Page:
Martelly, nicknamed “tèt kale” (“square head” in Creole, because of the shape of his bald head) came third in the first round with 21.84% of the votes, less than a point behind Celestin who had 22.48%. Manigat had come first with 31.37%. The results were so close, and the elections so disorganized, that many Haitians believed there had been fraud and there were virulent protests and calls for a recount. A protest in Haiti means hundreds of people out in the streets, tires being burned, the arrival of UN military forces called MINUSTAH with tear gas… Ultimately it was determined that the Organization of American States (OAS) should lead an investigation to determine whether the results were fair. They found that Martelly had actually won more votes than Celestin, and after a long period of arguing, they scheduled the second round in March 2011 between Manigat and Martelly. Martelly won.
What is interesting about this? Well first off, Martelly is not from the established political elite. If you had to put him in a box it would be with the business elite, which is very closely tied with the Haitian diaspora. In fact, Martelly campaigned in Miami as well as in Haiti due to the high number of Haitians living there. So this is new and has caused many to be hopeful. Another sign of hope was (and I should emphasize was) his choice of prime minister, Daniel Rouzier. He’s smart and successful, and also not from the entrenched political class. With the two of them at the helm, the government could have begun to show some real signs of change. However the Parliament, which still has a majority of Inite members (remember Inite was Préval’s party?) rejected Rouzier just 4 days ago (see CNN). So now Martelly is struggling to find another candidate. Selecting a prime minister is the first step to forming the rest of his government and advancing his agenda of rebuilding the country.
As an aside, there is speculation all around as to why Rouzier was turned down. All I know is from hearsay, so take it with a grain of salt. But on one hand, Rouzier is on the whiter side of the mulatto spectrum, and Martelly is already mulatto. For a country that is mostly black, and where race and the history of what it means to be Haitian are so closely wrapped up together, it is not impossible that his whiteness could have been a major factor in the Parliament not choosing him. Furthermore, the party Inite is very powerful in Haiti. Their stated reason for rejecting him was that Martelly had not consulted with them on his choice. The party feels that it should be represented in the choice of PM. Finally, I have also heard that there are some business deals, from which many politicians would have benefited, that Rouzier had stated he would not support. This could have also played a role.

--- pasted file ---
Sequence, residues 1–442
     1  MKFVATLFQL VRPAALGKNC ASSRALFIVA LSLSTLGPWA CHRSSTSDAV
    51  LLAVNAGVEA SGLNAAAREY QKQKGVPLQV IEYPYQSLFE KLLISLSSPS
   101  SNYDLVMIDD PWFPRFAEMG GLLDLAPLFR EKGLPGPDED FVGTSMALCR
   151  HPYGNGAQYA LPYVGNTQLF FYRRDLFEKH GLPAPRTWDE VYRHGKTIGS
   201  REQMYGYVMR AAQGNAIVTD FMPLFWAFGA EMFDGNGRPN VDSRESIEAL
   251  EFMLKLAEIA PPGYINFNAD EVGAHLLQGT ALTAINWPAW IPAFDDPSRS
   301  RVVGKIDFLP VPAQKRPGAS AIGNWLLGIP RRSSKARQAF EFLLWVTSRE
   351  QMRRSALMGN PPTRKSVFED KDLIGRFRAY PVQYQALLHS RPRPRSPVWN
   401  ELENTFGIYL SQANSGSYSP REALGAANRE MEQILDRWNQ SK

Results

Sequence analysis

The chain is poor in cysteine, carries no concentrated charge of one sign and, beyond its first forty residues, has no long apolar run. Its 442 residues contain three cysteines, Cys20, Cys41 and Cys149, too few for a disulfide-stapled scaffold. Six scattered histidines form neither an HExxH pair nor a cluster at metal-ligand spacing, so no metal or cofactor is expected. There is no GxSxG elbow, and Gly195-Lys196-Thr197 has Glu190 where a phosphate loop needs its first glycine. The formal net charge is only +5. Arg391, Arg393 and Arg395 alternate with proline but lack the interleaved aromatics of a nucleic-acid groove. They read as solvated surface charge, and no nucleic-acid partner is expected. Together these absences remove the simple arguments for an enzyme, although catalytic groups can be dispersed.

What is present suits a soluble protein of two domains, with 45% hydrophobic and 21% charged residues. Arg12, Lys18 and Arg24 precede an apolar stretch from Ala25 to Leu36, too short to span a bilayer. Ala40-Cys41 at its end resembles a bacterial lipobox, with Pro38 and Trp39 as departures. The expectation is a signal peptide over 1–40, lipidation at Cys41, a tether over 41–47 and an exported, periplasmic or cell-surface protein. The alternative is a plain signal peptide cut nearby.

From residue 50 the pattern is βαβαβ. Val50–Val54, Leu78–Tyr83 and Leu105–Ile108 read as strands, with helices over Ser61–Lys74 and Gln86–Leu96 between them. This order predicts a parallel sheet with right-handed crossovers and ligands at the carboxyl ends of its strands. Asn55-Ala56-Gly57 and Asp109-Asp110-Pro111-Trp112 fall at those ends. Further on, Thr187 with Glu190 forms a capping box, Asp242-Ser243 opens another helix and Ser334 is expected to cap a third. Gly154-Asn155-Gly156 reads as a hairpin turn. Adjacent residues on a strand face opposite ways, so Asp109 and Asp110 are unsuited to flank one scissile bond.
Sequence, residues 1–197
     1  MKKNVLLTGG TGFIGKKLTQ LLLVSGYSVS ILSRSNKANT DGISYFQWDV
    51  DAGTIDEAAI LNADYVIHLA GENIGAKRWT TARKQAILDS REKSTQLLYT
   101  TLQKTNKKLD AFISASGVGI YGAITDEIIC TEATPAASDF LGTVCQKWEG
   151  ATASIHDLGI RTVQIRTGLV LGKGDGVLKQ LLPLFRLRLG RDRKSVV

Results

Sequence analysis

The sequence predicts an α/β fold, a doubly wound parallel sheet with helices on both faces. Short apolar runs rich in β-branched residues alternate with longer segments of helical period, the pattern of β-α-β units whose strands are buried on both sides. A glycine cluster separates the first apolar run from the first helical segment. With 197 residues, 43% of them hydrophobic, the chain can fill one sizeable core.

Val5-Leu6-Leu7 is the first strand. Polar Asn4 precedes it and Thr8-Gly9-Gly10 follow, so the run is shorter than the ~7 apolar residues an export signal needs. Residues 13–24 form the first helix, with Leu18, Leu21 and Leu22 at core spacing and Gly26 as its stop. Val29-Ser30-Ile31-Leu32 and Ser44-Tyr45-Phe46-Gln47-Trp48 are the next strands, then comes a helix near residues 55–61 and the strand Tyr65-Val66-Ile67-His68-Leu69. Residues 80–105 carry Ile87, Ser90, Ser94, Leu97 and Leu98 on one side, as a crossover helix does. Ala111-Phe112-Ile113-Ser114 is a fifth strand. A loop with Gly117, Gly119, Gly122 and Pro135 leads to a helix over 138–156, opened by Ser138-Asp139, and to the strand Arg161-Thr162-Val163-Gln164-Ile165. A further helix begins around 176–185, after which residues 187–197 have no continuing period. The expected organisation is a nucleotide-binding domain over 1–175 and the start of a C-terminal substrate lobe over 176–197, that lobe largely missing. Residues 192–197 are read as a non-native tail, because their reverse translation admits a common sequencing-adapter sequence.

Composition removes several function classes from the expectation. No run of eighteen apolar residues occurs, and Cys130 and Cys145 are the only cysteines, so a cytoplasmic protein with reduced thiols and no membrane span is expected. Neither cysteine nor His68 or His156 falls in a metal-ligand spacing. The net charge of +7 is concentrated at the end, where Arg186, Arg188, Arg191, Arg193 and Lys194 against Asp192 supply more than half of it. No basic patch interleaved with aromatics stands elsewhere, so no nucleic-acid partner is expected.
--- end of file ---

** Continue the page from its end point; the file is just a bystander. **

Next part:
At the end of the day, whatever the reasons, these politicians have again postponed the day when Haiti will have real leadership. It is very difficult to get any initiative approved by the government, or to work with the government, when the latter is in such a state of upheaval. With hundreds of thousands of people still living in camps under tents, it is tremendously short-sighted of the Parliament to choose their own petty fights, political or historic symbolism, or financial gains, over the quick establishment of a functioning government. Welcome to Haiti.